A horse's tail can be a great indicator of a his overall health: it should hang straight down and shift from side to side as he moves. A horse that holds his tail to one side could be indicating a loss of motion in the sacrum joint or in the tissues surrounding it. A chiropractor may be able to help by manipulating the horse's spine to return normal movement to the tail.
If a horse swishes his tail repeatedly while working under-saddle, it's worthwhile to investigate if he has back pain or another orthopedic issue. Improper saddle fit or gastric ulcers may also cause tail swishing, says Dr. Megan Graham, BVetMed.
The tail's appearance can also offer information on the health of the horse; if the tail hair is broken or there are bald patches near the upper third of the tail, the horse is most likely rubbing his tail. This can be caused by allergies, parasites (like pinworms), ticks or pain—all of which warrant additional investigation.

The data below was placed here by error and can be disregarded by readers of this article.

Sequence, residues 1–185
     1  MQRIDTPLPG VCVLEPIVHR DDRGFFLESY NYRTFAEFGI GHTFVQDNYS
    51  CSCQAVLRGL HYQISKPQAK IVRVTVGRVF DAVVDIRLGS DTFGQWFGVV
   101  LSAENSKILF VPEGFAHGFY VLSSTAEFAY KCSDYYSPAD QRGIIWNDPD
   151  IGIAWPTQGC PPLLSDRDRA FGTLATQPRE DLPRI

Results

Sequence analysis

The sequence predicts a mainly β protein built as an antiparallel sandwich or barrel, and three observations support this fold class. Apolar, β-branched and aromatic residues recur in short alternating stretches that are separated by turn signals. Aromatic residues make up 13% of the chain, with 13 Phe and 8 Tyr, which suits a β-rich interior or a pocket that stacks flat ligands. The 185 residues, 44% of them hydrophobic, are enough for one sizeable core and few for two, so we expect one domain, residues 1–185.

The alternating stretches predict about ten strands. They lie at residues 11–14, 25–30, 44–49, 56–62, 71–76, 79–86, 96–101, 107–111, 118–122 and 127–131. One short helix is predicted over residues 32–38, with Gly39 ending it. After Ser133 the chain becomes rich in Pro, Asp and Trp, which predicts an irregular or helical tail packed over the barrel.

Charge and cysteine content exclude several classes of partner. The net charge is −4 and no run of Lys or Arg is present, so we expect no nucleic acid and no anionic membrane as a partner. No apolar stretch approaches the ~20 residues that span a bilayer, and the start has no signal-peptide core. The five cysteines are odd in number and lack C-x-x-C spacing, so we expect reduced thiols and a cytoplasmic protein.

Sweet itch, a hypersensitivity to the saliva of a small, biting fly called a Culicoides fly, can also cause horses to rub their tails with gusto. Affected horses will also typically rub their abdomen and mane, occasionally to the point where their skin is raw. These open sores can get secondary bacterial infections. Horses with an insect hypersensitivity should wear specific blankets and insect repellents; fans have also been shown to help eliminate the flies.
A horse may sit on buckets in the stall to alleviate back pain; leaning on buckets or the wall offers them relief. Involving a veterinarian for horses who rest this way will help determine if the horse is painful.
Grey horses may develop melanoma, a type of skin cancer, what is commonly found around the tail.
Read more at Dressage Today.
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